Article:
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ICOSR 2013—Creating Vulnerability via Epigenetics

As part of our ongoing coverage of the 2013 International Congress on Schizophrenia Research (ICOSR), held 21-25 April in Colorado Springs, Colorado, we bring you session summaries from some of the Young Investigator Travel Award winners. For this report, we thank Monica Aas of the University of Oslo, Norway.


23 May 2013. One of the final symposia of the ICOSR, on Thursday afternoon, was “Epigenetics at the Interaction between Genetic and Environmental Risk Factors for Brain Function Related to Schizophrenia.” Several speakers were missing, leaving only Alessandro Bertolino of the University of Bari Aldo Moro, Bari, Italy, and Marco A. Riva of the University of Milan to present new epigenetic research related to schizophrenia risk, linking early stress (hypoxia and perinatal stress) to methylation and altered gene expression associated with behavior and cognitive changes.

Bertolino started the session with a talk on hypoxia-related methylation of the single nucleotide polymorphisms COMT Val158Met and BDNF Val66Met, demonstrating associations with cognitive function as well as opposite (or different) effects for Val/Val versus Met carriers.

Catechol-O-methyltransferase (COMT), a key enzyme for inactivation of prefrontal DA (Gogos et al., 1998), contains an SNP (rs4680, G→A, Val→Met) in which the ancestral Val allele is associated with greater enzyme activity, blunted stress responses, and greater prefrontal activity during working memory, that is, reduced efficiency (Egan et al., 2001; Chen et al., 2004; Papaleo et al., 2008; Mier et al., 2010; Walder et al., 2010). Notably, rs4680 in COMT exon 4 also abolishes a CpG site so that each Val allele has one CpG site and the Met allele has none. Bertolino showed, in a large sample of humans, that hypoxia is associated with greater methylation in Val/Val subjects, and with lower methylation in Val/Met subjects, compared with the same genotypes without hypoxia. Methylation is further related to reduced transcription of the gene, as well as associated with improved working memory performance based on the N-back working memory paradigm. Bertolino also showed in a study of 115 families that methylation is 20 percent heritable, and that patients with schizophrenia have greater methylation of the gene than their siblings or healthy controls.

Bertolino also presented data on BDNF Val66Met and methylation, both in healthy humans and transgenic rodents carrying the human re6265 SNP, again showing stronger methylation in the Val/Val carrier group than in the Met group. Bertolino demonstrated an interaction effect among genotype, methylation, and working memory, with significant opposite associations in BDNF Val66Met Val/Val carriers, compared to Met carriers. Bertolino concluded his talk by emphasizing the importance of expanding studies from single genes to the whole genome.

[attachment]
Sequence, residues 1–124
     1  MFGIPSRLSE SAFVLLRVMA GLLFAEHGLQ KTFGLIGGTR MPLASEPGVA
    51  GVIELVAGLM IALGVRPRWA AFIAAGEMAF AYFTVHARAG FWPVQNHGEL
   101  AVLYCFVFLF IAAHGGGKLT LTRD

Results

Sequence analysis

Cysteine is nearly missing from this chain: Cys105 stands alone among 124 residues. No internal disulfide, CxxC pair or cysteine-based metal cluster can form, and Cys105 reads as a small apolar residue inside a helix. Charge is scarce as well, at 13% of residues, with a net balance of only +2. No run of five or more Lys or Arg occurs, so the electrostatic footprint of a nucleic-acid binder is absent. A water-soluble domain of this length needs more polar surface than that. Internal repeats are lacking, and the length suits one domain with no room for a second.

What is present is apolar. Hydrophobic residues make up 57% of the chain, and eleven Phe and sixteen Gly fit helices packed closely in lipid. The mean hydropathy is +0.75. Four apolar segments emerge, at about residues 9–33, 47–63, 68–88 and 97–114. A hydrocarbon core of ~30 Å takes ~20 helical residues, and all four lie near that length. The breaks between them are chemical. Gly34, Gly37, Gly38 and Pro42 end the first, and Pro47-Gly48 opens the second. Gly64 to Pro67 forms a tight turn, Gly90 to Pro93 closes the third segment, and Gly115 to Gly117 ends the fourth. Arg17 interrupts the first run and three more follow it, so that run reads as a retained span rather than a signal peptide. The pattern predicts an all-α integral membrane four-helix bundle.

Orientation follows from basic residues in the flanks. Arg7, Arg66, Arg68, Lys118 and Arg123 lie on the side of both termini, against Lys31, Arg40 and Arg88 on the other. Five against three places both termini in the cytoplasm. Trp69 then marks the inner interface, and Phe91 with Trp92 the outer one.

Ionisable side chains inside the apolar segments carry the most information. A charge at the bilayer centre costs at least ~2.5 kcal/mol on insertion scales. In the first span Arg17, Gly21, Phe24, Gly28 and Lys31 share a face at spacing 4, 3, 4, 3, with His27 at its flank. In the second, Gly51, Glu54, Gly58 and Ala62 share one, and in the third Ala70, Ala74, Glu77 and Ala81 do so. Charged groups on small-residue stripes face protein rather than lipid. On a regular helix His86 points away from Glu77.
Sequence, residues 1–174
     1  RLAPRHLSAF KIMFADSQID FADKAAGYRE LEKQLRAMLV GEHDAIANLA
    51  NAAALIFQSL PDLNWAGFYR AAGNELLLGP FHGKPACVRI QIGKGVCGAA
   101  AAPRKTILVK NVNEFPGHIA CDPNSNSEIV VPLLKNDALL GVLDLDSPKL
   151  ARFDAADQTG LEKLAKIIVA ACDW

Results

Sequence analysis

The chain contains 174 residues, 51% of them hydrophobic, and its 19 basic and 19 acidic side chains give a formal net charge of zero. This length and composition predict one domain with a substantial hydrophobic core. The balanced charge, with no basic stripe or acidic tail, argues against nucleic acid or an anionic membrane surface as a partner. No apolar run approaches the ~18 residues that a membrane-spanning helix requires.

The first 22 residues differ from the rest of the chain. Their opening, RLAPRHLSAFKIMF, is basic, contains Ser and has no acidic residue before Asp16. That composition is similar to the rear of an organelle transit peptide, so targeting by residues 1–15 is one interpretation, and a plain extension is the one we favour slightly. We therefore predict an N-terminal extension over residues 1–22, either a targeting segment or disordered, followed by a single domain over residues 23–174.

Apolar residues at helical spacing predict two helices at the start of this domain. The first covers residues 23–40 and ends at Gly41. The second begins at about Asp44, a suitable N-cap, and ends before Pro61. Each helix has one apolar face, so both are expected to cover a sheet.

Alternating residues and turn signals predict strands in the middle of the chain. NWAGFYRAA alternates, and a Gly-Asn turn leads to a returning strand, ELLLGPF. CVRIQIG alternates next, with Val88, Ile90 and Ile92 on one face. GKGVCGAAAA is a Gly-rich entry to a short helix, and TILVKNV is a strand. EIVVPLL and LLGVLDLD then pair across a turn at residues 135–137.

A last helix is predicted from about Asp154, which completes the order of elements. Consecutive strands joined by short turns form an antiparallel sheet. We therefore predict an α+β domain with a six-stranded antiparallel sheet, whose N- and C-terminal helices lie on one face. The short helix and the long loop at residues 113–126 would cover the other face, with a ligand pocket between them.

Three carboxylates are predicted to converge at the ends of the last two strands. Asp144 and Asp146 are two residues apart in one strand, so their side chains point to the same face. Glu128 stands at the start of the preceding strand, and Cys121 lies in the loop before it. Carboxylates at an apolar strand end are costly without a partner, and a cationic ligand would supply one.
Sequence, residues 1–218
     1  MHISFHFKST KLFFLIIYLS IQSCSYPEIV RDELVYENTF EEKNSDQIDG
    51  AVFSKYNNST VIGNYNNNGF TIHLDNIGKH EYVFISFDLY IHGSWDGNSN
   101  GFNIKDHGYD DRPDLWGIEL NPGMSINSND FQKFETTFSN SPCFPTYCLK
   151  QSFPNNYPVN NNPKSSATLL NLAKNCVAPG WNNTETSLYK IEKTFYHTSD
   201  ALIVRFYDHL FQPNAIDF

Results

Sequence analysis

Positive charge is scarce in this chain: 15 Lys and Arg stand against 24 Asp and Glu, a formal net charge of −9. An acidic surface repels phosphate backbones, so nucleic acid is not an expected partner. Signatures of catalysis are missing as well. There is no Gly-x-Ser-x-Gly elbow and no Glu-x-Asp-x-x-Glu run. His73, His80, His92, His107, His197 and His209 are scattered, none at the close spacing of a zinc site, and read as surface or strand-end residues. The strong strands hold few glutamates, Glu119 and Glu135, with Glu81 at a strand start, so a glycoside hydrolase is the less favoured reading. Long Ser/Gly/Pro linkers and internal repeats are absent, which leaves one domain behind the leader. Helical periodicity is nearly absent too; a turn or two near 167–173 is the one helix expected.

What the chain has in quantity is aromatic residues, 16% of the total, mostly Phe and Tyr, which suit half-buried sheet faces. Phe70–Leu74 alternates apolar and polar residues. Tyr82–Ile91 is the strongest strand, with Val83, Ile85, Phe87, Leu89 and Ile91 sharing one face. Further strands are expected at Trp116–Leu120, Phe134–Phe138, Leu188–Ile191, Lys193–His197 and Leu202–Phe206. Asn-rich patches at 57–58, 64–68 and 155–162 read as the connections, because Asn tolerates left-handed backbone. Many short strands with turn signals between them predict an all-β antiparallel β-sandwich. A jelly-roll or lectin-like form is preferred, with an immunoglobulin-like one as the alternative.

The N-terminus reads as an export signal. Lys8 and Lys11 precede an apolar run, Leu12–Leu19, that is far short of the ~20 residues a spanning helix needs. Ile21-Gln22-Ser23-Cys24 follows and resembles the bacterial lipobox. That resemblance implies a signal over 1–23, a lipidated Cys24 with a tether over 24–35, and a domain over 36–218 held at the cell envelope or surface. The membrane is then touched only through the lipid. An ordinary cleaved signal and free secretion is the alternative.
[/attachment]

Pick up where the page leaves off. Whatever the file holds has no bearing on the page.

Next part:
The second speaker, Marco Riva, talked about the importance of investigating both perinatal stress and later stressful events, and how these events may be related to altered methylation and, hence, altered gene expression in the prefrontal cortex. Riva presented data on the expression of brain-derived neurotrophic factor (BDNF), showing that perinatal stress is related to reduction of BDNF in the brain of adult rats. He also showed that perinatal stress in male rats is related to reduced performance on the object recognition test in the adult rat. Riva linked the above to epigenetic changes, explaining that perinatal stress increases methylation, which again is related to a reduced transcript of BDNF. He also showed that perinatal stress is associated with reduced upregulation of BDNF on the forced swim test in adult rats, linking this to impaired ability to cope under stressful situations in rats exposed to perinatal stress.

This effect appears to be reversible, as antipsychotic medication given in adolescence to perinatal stressed rats prevented BDNF reduction in the same rodent in adulthood. Riva stated that environmental enrichment might also have the same effect. Epigenetic changes in response to stress were also seen across genes: methylome analysis in the prefrontal cortex of rats exposed to perinatal stress showed that a large number of genes (3,386 genes) were methylated differently from controls. These included genes linked to bipolar disorders and schizophrenia, such as CACNA1C and DISC1, as well as the COMT gene.

Riva concluded that perinatal stress has long-lasting changes on brain function by affecting the expression of genes. He further emphasized the importance to take into account the timing of the stress exposure when investigating pathophysiological consequences of early stress.

To sum up, this symposium demonstrated the importance of taking into account the interaction between environmental factors and gene expression, as well as showing links to changes in a wide range of gene expressions. Early stress may have long-lasting changes in brain function by affecting expression of relevant genes. This is the start of a new line of exciting and hopefully fruitful research aimed at further understanding the complex etiology behind severe mental disorders—Monica Aas.

 
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